Laguna Seca Campground

We arrived here after 6 PM on August 18 for a four day stay to tour Carmel and Monterey, Ca.  This county campground is located adjacent to the Laguna Seca Speedway.  I can see the cars whizzing by as I write this blog.  The county leases this whole park to the Speedway when they have racing events.  We arrived on Sunday and a racing event was winding down.  Our reserved site was occupied by racing fans when we arrived, so we selected another (better site) as there was no management on site to be found.  The campground was emptying out quickly and the racing crowd all seemed to have 40 foot plus motorhomes.  This is a very hilly area and loaded with pine and oak trees along with browned out grass, typical with summer mountain terrain in California.  We are located in one of the two campgrounds which provide water and 30 amp electric.  There is a central sewer dump which campers can use.  Our site was relatively level, but I did use my jacks.  Some sites were more level than others.  There is also a campground for tents and RV's with no hookups.  Many sites have a view of the raceway.  The water here has excessive arsenic in it and they don't recommend drinking it, so I would recommend bringing plenty of bottled water.  I rate this park P***.  Racing fans may rate this park higher. 

Saturday, August 17, 2013

Dos Reis County Park

We stayed here August 17 for one night in route to Carmel.  This county park is located about one mile west of the 5 freeway and 10 miles south of Stockton, Ca.  We reserved a pull through site which was level and equiped with full hookups including sewer, water, and 30 amp service.  We arrived with full holding tanks and empty water from 6 days of dry camping in Lake Tahoe.  This is a small campground which looks like a small city park with camp sites located around a grassy and treed area in the center.  There is a boat ramp inside this park and I would not stay more than one night without a boat.  Verizon cell service is good here and I was able to use my wi fi to catch up on the blog.  We arrived around 2 pm and most sites we taken.  We paid $25 plus a $10 reservation fee.  I rate this park P***.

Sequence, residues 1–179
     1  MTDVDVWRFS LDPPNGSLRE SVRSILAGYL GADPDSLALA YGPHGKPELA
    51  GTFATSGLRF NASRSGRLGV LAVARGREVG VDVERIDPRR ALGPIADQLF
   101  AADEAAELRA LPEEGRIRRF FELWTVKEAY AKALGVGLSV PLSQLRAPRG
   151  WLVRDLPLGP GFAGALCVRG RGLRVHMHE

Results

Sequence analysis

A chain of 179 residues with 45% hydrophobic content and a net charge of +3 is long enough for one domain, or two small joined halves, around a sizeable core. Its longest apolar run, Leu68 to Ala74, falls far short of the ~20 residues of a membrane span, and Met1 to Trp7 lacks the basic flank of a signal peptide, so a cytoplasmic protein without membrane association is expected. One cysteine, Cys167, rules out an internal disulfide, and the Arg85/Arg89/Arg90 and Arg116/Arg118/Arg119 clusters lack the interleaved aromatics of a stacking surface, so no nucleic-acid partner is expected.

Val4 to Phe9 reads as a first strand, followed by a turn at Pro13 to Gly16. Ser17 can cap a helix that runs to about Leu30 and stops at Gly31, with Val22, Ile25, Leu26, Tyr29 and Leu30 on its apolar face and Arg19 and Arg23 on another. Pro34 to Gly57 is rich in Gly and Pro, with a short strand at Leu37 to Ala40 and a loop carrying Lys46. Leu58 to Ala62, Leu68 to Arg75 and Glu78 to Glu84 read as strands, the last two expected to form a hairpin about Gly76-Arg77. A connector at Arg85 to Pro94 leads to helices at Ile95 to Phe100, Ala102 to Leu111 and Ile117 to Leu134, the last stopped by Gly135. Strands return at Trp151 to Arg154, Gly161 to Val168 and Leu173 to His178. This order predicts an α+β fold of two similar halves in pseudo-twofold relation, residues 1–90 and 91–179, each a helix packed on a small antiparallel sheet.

Toy Hauler

Aggie caught this in Lake Tahoe.

Fallen Leaf Lake

We arrived at our favorite campground, Fallen Leaf Campground, on August 11 for 6 days.  The weather was absolutely beautiful; in the 70's and 80's and no precipitation at all.  We visited our old stomping grounds.  We relaxed along the Truckee River one day while Buddy enjoyed his daily swim.  We attended a three piece concert on classical folk music from France, Spain, Poland, and Greece at the Valhalla theater.  This is a converted boat house.  There was a pianist, a guitarist, and a soprano singer.  While they were very talented, it was not my cup of tea so to speak.  I replaced my worn Aussie hat and Aggie replaced her worn purse.  We dined at Chevy's Mexican Restaurant one night and I donated $180 at the casino playing no limit poker.  It only lasted 30 minutes.  Better luck next time.  I have already rated this campground, but I thought I would post some pictures of the lake.

Tahoe Valley Campground

We arrived here August 8, for a three night stay.  This is an Encore park which is also part of the Thousand Trails Park system.  The skinny and curvy roads are challenging to navigate between the large pine trees throughout the park.  The sites are on dirt and crushed pine needles and were level, I did not use my leveling jacks.  We were assigned a premium site with electric, water, and cable TV.  I could not get satellite reception due to the dense trees.  This is the first time I have hooked up to cable TV in this motor home and it worked fine, but only had about 10 or 12 channels.  There is a dump station in the campground and travellers not staying in the park can dump their tanks and refill water tanks for a fee.  There are also sites with full hookups.  Our rate with RPI discount was $41 per night and another $3 discount because the pool was out of order.  Based on our discount, the standard rate would be $60 per night and I would not pay that price at this park.  That said, I rate this park P****. 

We were ahead of schedule, so we decided to stay here as our friends Chris & Gary were camping here.  As it turned out we did not get to see Gary as he was in Reno at a big car show.  Pictured with Aggie is Chris, her grandaughter Emily, and their friend Barbara.  We were enjoying a pizza and wine in a Lake Tahoe outdoor restaurant.

Bordertown RV Resort